Ten Things to Know Before Hiring a WebLogic Consultant

Have your business applications given you performance headaches at some point during their lifecycle? Maybe you resolved the problems and the application was able to keep servicing your customers and performing its business function for you.

But no doubt there were other times when you tried to solve the performance problems internally, but sadly-and expensively-you didn’t succeed. To keep future hassles away, you probably (a) added more hardware or, worse yet, (b) started a server recycle program to minimize the damage to your production.

As a result, the performance is still sub-optimum, your company is losing money, and your customer satisfaction keeps sinking. To get your application back on track, you’ve decided it’s time to bring in a professional performance consultant.

You’ve made a smart decision. But now you face the challenge of finding the right person. You must find someone who can quickly identify the performance problems, resolve them, and implement a plan to bring stability to the application.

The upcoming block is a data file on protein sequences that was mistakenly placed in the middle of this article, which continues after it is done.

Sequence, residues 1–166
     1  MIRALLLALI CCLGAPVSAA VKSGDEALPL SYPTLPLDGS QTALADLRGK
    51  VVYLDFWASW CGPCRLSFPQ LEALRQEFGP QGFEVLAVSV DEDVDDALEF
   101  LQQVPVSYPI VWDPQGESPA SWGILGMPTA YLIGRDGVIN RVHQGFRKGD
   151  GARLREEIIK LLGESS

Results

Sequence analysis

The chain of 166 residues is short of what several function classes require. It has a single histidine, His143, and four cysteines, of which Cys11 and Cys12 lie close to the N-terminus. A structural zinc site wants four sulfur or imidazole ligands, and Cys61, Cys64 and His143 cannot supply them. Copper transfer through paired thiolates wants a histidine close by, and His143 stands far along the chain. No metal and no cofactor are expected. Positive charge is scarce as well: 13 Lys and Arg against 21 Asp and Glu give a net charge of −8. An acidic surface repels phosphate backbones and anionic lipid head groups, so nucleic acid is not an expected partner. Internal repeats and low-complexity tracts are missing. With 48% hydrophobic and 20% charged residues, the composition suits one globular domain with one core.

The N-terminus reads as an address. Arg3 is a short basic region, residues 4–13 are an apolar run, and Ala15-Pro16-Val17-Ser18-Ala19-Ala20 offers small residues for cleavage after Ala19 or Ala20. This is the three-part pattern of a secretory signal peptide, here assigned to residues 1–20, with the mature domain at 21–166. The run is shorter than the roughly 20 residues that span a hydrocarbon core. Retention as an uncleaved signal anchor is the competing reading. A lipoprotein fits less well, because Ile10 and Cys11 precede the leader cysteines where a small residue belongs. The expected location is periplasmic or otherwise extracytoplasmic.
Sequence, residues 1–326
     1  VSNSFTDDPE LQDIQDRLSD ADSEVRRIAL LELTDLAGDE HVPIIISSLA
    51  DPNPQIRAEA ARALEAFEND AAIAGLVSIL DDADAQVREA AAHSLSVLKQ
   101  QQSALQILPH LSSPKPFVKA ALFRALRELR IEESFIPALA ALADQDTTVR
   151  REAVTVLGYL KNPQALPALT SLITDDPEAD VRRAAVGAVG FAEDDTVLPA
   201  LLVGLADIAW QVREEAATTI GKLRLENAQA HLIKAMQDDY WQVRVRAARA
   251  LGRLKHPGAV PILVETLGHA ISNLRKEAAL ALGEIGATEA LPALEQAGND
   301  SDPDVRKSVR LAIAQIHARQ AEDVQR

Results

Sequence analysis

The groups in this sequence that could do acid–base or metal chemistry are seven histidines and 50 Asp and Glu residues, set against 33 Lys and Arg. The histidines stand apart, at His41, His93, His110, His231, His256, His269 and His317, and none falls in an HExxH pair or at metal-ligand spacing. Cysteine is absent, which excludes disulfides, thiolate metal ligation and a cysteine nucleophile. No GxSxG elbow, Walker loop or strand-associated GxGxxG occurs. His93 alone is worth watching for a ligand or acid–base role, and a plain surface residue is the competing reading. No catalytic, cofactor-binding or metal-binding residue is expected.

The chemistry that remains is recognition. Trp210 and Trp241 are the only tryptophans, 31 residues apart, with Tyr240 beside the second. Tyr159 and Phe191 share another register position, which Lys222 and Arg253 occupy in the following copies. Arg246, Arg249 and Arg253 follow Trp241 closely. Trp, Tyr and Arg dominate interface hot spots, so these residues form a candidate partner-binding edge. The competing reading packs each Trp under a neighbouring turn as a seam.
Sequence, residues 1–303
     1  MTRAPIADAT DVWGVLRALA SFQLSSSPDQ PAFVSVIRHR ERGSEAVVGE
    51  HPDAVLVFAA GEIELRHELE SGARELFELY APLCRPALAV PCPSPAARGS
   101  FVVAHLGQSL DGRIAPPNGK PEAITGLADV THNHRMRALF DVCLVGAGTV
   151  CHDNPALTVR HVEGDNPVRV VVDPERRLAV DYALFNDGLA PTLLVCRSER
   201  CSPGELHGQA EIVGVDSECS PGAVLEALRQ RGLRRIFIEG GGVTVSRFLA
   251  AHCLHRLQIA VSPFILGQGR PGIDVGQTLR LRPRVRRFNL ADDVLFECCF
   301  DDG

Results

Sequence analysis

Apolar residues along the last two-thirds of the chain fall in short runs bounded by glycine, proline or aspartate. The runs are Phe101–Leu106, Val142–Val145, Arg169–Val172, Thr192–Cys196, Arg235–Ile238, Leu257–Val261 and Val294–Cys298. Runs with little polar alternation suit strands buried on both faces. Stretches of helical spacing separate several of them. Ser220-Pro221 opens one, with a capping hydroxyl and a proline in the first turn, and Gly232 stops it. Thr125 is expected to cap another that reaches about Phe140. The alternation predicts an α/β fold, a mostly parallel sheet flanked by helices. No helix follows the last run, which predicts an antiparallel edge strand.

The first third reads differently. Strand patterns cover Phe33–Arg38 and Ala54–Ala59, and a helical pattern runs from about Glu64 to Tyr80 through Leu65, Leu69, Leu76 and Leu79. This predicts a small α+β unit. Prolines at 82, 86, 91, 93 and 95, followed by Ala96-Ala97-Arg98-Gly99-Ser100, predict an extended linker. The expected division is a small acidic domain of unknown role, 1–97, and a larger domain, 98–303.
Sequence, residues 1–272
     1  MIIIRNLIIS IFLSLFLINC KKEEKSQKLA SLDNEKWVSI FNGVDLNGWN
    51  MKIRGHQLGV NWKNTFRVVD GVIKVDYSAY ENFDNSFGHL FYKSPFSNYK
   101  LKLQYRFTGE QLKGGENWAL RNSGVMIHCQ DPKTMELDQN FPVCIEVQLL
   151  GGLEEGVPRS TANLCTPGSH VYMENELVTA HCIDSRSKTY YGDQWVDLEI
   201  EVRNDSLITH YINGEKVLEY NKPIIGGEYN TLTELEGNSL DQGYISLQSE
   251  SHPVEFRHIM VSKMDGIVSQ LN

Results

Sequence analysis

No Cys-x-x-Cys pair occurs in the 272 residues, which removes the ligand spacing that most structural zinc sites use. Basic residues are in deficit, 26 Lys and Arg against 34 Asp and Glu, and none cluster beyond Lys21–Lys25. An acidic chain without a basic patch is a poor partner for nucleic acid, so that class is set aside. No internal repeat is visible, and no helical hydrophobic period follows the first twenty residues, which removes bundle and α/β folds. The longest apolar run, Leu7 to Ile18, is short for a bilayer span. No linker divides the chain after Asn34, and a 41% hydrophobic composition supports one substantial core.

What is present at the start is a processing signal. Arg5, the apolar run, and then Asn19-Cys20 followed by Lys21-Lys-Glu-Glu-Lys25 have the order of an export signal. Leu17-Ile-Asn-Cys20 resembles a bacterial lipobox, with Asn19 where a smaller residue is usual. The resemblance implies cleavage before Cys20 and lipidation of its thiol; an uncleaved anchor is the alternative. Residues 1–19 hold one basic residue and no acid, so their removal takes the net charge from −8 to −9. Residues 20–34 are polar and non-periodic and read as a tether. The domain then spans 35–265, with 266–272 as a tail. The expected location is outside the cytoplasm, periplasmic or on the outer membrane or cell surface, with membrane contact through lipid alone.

But that’s just for starters. You also need someone who’ll work well with your team and can put standard operating procedures in place to stabilize the current environment and prevent future problems. Plus, this person must be able to transition the best practices to your team clearly and effectively.

As you can imagine, it’s tough to find all these qualifications in one person. Performance consultants are not all created equal. When the time comes to look for your professional performance consultant, here are the 10 key things to keep in mind:

1) SOLVABILITY: The performance troubles you’re facing are common, and cost many companies money. The good news is these problems are solvable. But companies often have a consultant look at an application and he or she decides the problems are just too complex or aren’t solvable.

For example, one company had a software pricing engine that was critical to the business: if the pricing engine was down, the company lost revenue. The CIO admitted that to remedy these problems, they’d have to add more servers. The standing architect said he’d need 240 new servers to handle the load volume. advice

I came in, did some testing and found that the performance troubles stemmed from the amount of memory the current application was using. My options in this case were limited: I couldn’t rewrite code or change architecture, but I was able to change the Java Virtual Machine for the poorly performing application. This alternative JVM was more forgiving on memory consumption. With new settings, the company was able to scale back from buying the 240 new servers to only 10. Imagine the cost savings!

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